North Central News

Macayo’s marks 70th year with big changes

By Patty Talahongva
When Woody and Victoria Johnson opened their Macayo’s restaurant at 3831 N. Central Ave., most likely they had no idea what kind of family business and legacy they were starting. This month the restaurant, which is still family owned, celebrates 70 years of service. At the helm is their only daughter, Sharisse Johnson, who is CEO and who her father affectionately dubbed, “little one.” Her earliest memories are of being in the restaurant and helping out as a hostess, seating guests when they arrived.

The recognizable Macayo’s on Central, which opened in 1952, is making way for a 225-unit apartment complex. Sharisse Johnson, CEO of Macayo’s and daughter of the original founders, Woody and Victoria Johnson, says they hope to be able to save the sign designed by her mother and incorporate it into the new building that will be just across the street on the south side of Indianola Avenue (photo by Patty Talahongva).

The recognizable Macayo’s on Central, which opened in 1952, is making way for a 225-unit apartment complex. Sharisse Johnson, CEO of Macayo’s and daughter of the original founders, Woody and Victoria Johnson, says they hope to be able to save the sign designed by her mother and incorporate it into the new building that will be just across the street on the south side of Indianola Avenue (photo by Patty Talahongva).

“It was fun coming to work with daddy on Saturday, “ she recalls. “It was fun talking to customers.” She did it all, from busing tables to helping out in the kitchen. Her brothers, Gary and Steve, also are involved in the family business.

Woody’s mother was from Mexico and didn’t speak English. His father came from Sweeden. Woody served in World War II and came home to Phoenix, where he worked in his brother’s restaurant for a year. In 1946, Woody and Victoria opened their first restaurant at 37 W. McDowell Road. It was big enough to fit six tables and a counter. Five years later the coupled opened a second larger restaurant with 10 tables.

As Woody worked at the restaurant, Victoria kept her day job at a bank and at night helped out at the restaurant. “She always had great financial skills and kept a good eye on the business as it grew,” says their daughter. Those skills included savvy saving habits and by 1952 Victoria had saved enough money to help them buy the property near Central and Indian School Road. It was to become the first Macayo’s.

Macayo’s doesn’t mean anything in any language except the language of Woody and Victoria. She loved macaws. Woody’s first restaurant was called “El Nido,” the nest. They put the two concepts together and came up with the name. She wrote it out and the iconic sign still bears her signature M with a flourishing swoop complete with a macaw bird.

The Macayo’s brand has grown to13 locations in Arizona and Las Vegas, with more than 1,000 employees and hundreds of tables. Today several extended family members work in the restaurants and related businesses. Son Gary owns and operates a canning company where all Macayo’s sauces are made for shipment to customers. The company gets many requests from customers who have moved away from Phoenix and still crave Macayo’s flavors.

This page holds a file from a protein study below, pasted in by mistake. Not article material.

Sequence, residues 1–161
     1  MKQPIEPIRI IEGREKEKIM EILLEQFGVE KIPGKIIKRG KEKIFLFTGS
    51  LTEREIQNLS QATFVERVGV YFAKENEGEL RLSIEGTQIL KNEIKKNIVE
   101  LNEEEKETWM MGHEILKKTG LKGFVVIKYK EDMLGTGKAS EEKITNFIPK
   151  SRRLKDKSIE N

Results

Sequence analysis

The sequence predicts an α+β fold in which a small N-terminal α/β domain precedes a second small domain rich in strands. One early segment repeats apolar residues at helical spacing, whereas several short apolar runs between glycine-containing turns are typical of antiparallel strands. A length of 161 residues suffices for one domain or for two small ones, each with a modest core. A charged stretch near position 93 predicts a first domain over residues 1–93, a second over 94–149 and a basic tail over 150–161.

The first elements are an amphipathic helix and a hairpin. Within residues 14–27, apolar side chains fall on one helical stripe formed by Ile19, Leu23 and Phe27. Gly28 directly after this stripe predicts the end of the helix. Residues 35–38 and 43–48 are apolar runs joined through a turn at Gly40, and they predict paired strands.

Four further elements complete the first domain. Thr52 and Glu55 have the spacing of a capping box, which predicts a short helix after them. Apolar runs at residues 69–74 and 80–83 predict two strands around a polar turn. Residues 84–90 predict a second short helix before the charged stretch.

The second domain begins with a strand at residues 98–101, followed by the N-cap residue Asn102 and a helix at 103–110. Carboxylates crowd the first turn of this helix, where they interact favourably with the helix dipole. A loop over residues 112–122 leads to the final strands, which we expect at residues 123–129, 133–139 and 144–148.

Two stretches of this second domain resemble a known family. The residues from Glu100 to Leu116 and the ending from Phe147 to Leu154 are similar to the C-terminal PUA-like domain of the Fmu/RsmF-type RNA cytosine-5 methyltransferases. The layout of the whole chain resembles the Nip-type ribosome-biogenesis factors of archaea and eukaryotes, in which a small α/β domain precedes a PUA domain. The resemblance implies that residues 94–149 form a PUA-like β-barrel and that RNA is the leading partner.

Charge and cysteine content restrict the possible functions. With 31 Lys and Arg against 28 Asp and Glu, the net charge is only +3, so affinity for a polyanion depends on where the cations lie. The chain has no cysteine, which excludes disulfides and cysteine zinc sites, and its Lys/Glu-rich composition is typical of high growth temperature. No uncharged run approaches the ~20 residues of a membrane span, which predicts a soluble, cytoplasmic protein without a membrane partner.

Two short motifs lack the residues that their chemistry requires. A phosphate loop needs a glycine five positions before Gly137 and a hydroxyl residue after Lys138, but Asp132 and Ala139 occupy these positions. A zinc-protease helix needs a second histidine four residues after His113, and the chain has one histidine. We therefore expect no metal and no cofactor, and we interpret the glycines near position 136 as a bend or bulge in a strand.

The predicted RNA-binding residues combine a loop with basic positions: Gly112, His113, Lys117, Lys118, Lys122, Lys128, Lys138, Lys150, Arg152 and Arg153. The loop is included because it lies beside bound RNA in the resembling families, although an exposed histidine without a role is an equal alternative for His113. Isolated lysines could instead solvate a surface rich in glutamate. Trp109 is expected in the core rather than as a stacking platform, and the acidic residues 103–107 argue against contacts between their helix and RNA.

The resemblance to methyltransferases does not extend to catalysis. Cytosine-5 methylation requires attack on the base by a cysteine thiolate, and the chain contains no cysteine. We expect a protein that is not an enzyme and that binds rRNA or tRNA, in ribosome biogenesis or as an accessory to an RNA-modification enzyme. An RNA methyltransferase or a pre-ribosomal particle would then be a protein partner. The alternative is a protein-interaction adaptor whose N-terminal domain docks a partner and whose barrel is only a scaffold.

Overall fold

Through the years Macayo’s on Central has helped guests celebrate birthdays, weddings, anniversaries, graduations and every special occasion. An estimated six million customers have walked through the doors to feast on the family recipes.

Woody was strict when it came to executing the recipes. In the beginning they used chilies with mild flavors such as Anaheim chilies. Gradually they added more spicy chilies such as poblano and chipotle as customers got used to the hot and spicy flavors.
“We make our sauce daily in the restaurant,” Johnson says. “We do not open cans for salsa. No way would I allow that,” she asserts, speaking like her father’s daughter.

The ground beef mixture for the chalupas is made twice a day to ensure the “flavor profile” is just right. Chilies are fire roasted in the morning daily and today the only “Gringo” food on the menu is a kid-size hamburger. If an adult orders one, they double the meat.

“I was blessed with the work ethic my parents had,” Johnson says. She’s also appreciative of her father and the customer loyalty he built. “People loved him,” she says. “That’s probably what built the culture.”

The actual 70th anniversary date is Monday, Sept. 26. Every single Macayo’s location will celebrate that day with 70-cent shredded beef tacos and red cheese enchiladas. The regular menu price is $4.99. These are two of Woody’s favorite dishes and the rollback price honors him and his first menu.

The 70th anniversary also comes at a time of great change for the decades-old family business. This summer Johnson announced plans to move out of the Central Avenue location to a site just across the street on the south side of Indianola Avenue, in the space formerly occupied by an automotive garage. The unique, eye-catching and colorful building that has been synonymous with Macayo’s for decades was sold and will be torn down to make way for 225 high-end apartments.

“A lot of people say it’s so sad,” Johnson says and adds, “For me it’s so exciting. I’ll have the iconic menu in a new place.” She is working with the city of Phoenix to keep the familiar sign but Macayo’s will say goodbye to the unique architecture of the building on Central Avenue. But no worries, the restaurant’s unique exterior replicating a Mayan temple is immortalized in the 1969 movie, “Chastity,” starring Cher.

The restaurant will remain open at this location through the end of the year. The new location, which will have a smaller footprint and a mid-century modern feel, will open the first quarter of 2017. Follow Macayo’s on Facebook to keep up with events and construction plans through the transition.

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